Re: CHECKSUM is not easily accessible on Fedora Download Page

On Sat, 2011-01-22 at 20:16 +1030, Tim wrote:
On Fri, 2011-01-21 at 13:03 -0500, Máirín Duffy wrote:
The biggest challenge in not losing folks before they even give Fedora
a chance is making it easy when they have to figure out how to get the
ISO to optical media or to USB (the latter which can be really
challenging.) Weighing the pros and the cons here, I'd rather have
someone running Fedora and be less prone to viruses and security
break-ins rather than lose them altogether when they give up trying to
learn ISOs, liveusb creation, checksum checking, and GPG all in one

If you encourage the "just click and don't think mentality," you
perpetuate much that's wrong with that other OS. The trick is to
explain it succinctly (i.e. *accurately*, and quickly).

That's far from the goal. It's more, "enable people to try Fedora and
not end up wasting their time, frustrating them, and leaving them hating
Fedora afterwards without even giving it a fair shot mentality."

e.g. What's an ISO disc image file, and what do I do with it? It's an
compilation of files, the files contained inside it will be placed on a
disc. The ISO file will not be simply copied to the disc, as a file.
You will use CD/DVD burning software that takes an ISO file, and uses it
to create a disc. This disc will contain hundreds of files, and will be
self-bootable. The install will start when you boot from this disc.

It really needs to be a short paragraph. Exactly how to do it, is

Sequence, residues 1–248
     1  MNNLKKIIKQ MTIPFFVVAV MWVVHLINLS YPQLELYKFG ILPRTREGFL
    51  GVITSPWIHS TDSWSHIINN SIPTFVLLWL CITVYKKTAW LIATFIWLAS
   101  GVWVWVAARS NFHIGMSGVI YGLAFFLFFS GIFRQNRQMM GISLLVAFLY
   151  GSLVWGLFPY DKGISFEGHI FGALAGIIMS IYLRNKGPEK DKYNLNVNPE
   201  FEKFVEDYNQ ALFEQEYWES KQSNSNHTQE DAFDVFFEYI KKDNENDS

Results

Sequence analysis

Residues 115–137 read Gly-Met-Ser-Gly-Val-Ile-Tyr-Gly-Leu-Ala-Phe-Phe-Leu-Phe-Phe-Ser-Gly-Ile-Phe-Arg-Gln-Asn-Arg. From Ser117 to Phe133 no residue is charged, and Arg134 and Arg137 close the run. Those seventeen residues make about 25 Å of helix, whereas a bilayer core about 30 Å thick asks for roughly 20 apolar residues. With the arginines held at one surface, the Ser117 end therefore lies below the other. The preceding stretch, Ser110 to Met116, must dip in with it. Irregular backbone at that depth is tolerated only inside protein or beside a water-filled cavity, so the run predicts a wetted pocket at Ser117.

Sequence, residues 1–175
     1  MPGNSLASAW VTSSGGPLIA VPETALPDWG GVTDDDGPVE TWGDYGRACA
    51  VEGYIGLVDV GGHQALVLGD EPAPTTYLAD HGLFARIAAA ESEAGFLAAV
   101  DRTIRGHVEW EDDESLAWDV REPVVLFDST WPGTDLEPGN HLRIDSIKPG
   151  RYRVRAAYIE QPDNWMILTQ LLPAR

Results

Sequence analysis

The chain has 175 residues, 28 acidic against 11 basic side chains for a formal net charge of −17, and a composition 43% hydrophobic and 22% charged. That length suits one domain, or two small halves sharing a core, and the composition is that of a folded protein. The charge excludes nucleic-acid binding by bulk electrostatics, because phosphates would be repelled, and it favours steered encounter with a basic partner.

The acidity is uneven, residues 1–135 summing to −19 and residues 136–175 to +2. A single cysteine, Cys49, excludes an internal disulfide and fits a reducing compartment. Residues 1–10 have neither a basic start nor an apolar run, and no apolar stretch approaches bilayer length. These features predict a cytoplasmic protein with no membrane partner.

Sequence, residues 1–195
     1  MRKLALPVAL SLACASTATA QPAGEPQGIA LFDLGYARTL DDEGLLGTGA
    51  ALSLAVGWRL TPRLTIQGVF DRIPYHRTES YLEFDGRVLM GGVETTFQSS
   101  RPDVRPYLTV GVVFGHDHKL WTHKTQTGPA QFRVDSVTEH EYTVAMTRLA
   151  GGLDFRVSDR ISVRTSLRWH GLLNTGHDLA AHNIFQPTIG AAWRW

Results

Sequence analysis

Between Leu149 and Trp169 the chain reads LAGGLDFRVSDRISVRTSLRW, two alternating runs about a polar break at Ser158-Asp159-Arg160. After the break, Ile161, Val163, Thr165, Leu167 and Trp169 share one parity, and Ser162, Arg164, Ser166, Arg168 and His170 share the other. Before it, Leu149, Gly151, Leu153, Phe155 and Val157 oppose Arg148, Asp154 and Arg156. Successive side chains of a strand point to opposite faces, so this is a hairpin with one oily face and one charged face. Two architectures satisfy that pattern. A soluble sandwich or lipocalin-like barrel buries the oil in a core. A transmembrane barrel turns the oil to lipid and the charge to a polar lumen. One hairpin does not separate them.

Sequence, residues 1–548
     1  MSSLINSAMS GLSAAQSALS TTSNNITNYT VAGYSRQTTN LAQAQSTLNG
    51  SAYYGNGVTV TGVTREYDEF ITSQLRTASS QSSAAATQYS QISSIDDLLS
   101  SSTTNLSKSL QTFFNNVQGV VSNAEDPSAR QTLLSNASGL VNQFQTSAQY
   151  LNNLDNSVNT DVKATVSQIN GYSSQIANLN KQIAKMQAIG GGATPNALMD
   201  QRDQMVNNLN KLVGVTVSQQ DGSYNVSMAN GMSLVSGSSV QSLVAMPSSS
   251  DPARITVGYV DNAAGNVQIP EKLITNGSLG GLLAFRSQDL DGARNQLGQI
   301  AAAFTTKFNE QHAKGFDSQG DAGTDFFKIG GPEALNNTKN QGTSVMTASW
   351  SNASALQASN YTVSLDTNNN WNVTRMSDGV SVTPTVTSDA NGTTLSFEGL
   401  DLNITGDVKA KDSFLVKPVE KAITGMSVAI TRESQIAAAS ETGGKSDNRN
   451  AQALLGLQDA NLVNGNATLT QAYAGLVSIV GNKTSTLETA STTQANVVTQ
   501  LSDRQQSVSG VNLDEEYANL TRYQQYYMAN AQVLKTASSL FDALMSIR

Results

another step. If they can understand the explanation, it's much more
likely that they'll be able to successfully do it.

Your example is far from a short paragraph.

They don't have to learn it all in one go. They need brief explanations
of what the options are, enough so that they can understand at least one
of them. So they can pick which one to use.

We have all of that on the page right now. We have simply left out

You can't cater for the completely clueless. If they don't know what
"booting" is, they're going to have to learn that first. And, to be
blunt, if they don't know that is, I don't think they know enough about
computing to change OSs, nor install a new one. That's why new
computers come with pre-installed OSs, for those who just want to buy a

The woman in the comic clearly knew what 'booting' was, just had never
referred to it as 'booting' before. More common language is, "start up"
or "turn on" or "load." In general though, her remark in that frame was
more to point out the 1980's sexiness of our current syslinux splash can
be intimidating if that makes sense.

I don't think USB is going to get easy until all the various OSs make it
easy to right-click a USB drive and "make this drive bootable," and you
put files onto the drive that will be auto-booted. i.e. The first file,
the one it boots, would have a common file name.

The idea of a bootblock that handles that is better, but that requires
bootblock writing features that aren't available to ordinary users, like
dragging one or two files to a disc are. You'd really need a "download
a Fedora installer for Windows" and another for Mac, that'd
intelligently find the USB drive the user plugs in when prompted, so it
only writes to the right drive, then puts everything on it.

Yeh, I agree. One thing I've been thinking of is offer LiveUSB creator
for Linux / Mac / Windows as the default install. It automatically
downloads the ISOs for you. I think it will need a lot of work before we
can do that, though.


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